Other details are the subject of discussion by keen-eyed observers, battle dress patterns and No. 1 Mk III rifles which were not in use at the time. Military enthusiasts have come to expect inaccuracies, minor and major, in uniforms, weapons and tactics in films so this is nothing new. And it should be noted the story revolves around three major characters, none of whom are Canadian. It would appear the Canadian battle scenes are backdrop to the story of the main protagonists: a German, a Dutch resistance fighter and a British glider pilot.


Walcheren Causeway Geography

The causeway no longer exists as such. The Dutch have continually "reclaimed" land from the sea, and this has been the case with the area separating Walcheren Island and South Beveland. The former Slooe Channel has been diked and is today used as farmland. A new highway has been built south of the former causeway. There are still German bunkers on the eastern edge of what used to be the Slooe Channel, and the former causeway today carries a high-speed rail line.

The author at the site of the former causeway, looking west. In 1944 most of the land shown here was under water. The power poles mark the path of the former rail line and causeway.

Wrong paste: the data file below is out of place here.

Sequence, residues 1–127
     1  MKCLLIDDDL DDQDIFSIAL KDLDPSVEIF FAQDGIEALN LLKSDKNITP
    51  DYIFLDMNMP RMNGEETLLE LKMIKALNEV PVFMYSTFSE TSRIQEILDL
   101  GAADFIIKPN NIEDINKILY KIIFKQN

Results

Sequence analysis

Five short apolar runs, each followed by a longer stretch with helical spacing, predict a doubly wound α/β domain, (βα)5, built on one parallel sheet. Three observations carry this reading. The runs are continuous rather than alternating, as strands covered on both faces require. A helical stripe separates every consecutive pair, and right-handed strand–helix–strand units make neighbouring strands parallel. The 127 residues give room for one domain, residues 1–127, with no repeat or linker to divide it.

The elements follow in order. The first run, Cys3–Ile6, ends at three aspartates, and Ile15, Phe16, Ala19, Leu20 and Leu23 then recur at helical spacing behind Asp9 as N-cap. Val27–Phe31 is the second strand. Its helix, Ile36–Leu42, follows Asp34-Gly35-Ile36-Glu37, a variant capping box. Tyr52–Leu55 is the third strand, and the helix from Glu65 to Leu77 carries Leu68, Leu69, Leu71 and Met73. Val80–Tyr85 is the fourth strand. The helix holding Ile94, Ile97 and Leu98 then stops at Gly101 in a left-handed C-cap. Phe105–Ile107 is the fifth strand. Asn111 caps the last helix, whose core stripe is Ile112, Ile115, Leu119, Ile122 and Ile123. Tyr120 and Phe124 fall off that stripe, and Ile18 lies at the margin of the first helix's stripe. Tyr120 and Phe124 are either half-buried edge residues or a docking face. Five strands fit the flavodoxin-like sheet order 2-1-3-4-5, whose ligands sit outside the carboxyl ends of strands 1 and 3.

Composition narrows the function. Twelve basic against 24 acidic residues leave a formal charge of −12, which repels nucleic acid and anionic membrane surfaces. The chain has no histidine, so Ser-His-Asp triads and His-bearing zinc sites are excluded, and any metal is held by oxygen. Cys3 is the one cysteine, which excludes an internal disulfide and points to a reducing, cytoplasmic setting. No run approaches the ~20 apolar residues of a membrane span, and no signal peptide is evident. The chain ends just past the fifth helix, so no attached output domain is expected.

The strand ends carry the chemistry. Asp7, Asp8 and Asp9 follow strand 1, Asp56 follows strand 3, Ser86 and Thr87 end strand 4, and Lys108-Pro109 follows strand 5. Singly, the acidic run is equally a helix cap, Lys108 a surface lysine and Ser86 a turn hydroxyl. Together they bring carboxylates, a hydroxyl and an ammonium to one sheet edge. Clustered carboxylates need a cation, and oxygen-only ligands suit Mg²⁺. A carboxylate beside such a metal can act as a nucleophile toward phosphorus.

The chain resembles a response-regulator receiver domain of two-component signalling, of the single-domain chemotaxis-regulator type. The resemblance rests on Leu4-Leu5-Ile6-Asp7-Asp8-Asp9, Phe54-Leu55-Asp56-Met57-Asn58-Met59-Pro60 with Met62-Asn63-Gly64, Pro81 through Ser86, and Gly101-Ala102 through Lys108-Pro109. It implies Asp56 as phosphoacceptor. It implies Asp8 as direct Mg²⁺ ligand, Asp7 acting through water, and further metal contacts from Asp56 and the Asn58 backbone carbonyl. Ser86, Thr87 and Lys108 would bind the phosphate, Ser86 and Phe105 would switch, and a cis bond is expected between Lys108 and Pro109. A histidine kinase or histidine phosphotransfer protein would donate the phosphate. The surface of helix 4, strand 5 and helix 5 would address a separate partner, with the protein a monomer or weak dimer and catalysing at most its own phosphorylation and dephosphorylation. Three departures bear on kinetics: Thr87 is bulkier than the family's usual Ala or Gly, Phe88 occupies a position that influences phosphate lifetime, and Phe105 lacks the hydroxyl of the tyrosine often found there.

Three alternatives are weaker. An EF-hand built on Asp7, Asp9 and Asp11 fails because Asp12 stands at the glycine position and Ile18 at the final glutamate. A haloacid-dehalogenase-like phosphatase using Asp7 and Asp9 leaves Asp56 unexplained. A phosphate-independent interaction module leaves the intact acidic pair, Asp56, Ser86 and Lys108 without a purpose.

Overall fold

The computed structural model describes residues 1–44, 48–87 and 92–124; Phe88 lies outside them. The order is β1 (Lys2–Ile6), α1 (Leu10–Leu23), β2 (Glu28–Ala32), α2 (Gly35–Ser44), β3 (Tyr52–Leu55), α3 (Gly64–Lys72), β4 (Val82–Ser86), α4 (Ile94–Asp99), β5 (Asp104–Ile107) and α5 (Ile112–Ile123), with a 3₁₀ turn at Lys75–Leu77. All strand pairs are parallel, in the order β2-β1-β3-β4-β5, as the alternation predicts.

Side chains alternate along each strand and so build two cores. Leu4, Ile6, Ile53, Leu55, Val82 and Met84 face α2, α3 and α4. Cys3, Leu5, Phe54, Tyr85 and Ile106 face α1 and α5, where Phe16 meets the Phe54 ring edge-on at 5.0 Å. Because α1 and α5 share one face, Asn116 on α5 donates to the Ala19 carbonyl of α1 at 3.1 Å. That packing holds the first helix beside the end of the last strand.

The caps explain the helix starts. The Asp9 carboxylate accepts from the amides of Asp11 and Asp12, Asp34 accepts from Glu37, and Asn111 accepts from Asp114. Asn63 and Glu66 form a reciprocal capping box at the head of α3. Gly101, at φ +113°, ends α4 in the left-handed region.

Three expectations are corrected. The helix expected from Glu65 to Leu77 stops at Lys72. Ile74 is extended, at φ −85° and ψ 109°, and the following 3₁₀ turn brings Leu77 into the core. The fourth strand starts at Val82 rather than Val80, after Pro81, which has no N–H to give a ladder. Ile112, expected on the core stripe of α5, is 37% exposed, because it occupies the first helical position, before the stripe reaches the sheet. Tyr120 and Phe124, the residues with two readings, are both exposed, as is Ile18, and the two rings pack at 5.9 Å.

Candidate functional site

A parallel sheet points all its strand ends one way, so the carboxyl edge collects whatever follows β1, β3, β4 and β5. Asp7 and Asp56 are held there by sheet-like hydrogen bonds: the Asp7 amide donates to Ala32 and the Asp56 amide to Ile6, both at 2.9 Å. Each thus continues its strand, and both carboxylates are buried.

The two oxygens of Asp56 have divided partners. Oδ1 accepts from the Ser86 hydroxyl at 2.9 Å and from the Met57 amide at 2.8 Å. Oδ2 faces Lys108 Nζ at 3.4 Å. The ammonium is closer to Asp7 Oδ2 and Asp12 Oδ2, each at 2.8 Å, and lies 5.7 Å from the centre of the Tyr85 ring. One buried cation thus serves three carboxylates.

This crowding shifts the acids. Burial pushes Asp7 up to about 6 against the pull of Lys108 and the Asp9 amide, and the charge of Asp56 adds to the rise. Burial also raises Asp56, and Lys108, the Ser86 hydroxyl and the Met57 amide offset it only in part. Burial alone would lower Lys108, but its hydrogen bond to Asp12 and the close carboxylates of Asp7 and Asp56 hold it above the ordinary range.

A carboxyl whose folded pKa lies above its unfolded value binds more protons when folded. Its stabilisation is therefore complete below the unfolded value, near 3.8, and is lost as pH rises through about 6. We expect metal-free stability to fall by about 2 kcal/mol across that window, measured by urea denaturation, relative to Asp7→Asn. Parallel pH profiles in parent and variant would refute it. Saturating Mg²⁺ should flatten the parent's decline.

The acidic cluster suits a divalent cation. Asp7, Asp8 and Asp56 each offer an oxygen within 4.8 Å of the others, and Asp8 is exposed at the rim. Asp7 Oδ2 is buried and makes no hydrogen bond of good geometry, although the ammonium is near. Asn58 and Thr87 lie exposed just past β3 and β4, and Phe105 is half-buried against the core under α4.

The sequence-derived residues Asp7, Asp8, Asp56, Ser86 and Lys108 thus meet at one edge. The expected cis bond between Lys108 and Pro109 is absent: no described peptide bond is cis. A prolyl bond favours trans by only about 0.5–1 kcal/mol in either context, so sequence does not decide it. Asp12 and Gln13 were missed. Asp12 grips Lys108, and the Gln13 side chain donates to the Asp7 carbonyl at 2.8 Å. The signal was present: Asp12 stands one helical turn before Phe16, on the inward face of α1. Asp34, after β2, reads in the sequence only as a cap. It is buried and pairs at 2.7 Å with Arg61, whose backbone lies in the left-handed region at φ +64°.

Photo of the Causeway taken in 1946 looking east from Walcheren Island. The row of poplars is gone, but the hardened road and railway line are still present.

The set designer has incorporated the unique 1944 period telephone poles into the set.


From the book SLAGVELD SLOEDAM, translated from the Dutch, showing German defensive positions in October 1944. WN (Widerstandnest) were small "resistance nests", two or more of these could be grouped into a Stützpunkt (strongpoint) - the strongpoints were named after famous German generals.

Google Map 3D view of the battlefield today, looking west from above South Beveland toward Walcheren. Much land has been reclaimed from the sea, the brown lines indicate areas that were under water in 1944. Camera is looking west from what was the Canadian end of the Causeway on 31 October 1944, toward the German-held end. Landmark labels refer to following photos taken in 2015.